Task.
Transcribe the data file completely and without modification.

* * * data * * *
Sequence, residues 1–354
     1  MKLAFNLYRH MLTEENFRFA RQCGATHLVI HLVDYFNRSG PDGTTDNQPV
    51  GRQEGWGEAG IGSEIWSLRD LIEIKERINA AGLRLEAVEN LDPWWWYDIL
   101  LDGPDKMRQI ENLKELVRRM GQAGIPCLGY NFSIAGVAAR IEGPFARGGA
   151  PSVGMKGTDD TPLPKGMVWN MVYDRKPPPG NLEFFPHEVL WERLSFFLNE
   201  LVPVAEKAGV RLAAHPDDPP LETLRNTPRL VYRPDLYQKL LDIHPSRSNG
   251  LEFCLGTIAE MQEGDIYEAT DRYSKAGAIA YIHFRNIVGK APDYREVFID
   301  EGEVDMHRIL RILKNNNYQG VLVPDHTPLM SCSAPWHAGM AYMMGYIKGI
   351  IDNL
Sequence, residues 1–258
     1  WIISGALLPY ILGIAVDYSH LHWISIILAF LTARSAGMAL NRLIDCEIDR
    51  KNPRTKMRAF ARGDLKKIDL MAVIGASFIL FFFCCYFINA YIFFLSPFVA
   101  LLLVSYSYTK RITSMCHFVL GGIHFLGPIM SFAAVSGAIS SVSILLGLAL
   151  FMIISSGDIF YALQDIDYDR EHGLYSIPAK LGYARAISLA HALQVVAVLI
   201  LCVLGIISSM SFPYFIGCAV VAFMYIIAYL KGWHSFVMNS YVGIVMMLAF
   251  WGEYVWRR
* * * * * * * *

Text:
Sequence, residues 1–354
     1  MKLAFNLYRH MLTEENFRFA RQCGATHLVI HLVDYFNRSG PDGTTDNQPV
    51  GRQEGWGEAG IGSEIWSLRD LIEIKERINA AGLRLEAVEN LDPWWWYDIL
   101  LDGPDKMRQI ENLKELVRRM GQAGIPCLGY NFSIAGVAAR IEGPFARGGA
   151  PSVGMKGTDD TPLPKGMVWN MVYDRKPPPG NLEFFPHEVL WERLSFFLNE
   201  LVPVAEKAGV RLAAHPDDPP LETLRNTPRL VYRPDLYQKL LDIHPSRSNG
   251  LEFCLGTIAE MQEGDIYEAT DRYSKAGAIA YIHFRNIVGK APDYREVFID
   301  EGEVDMHRIL RILKNNNYQG VLVPDHTPLM SCSAPWHAGM AYMMGYIKGI
   351  IDNL
Sequence, residues 1–258
     1  WIISGALLPY ILGIAVDYSH LHWISIILAF LTARSAGMAL NRLIDCEIDR
    51  KNPRTKMRAF ARGDLKKIDL MAVIGASFIL FFFCCYFINA YIFFLSPFVA
   101  LLLVSYSYTK RITSMCHFVL GGIHFLGPIM SFAAVSGAIS SVSILLGLAL
   151  FMIISSGDIF YALQDIDYDR EHGLYSIPAK LGYARAISLA HALQVVAVLI
   201  LCVLGIISSM SFPYFIGCAV VAFMYIIAYL KGWHSFVMNS YVGIVMMLAF
   251  WGEYVWRR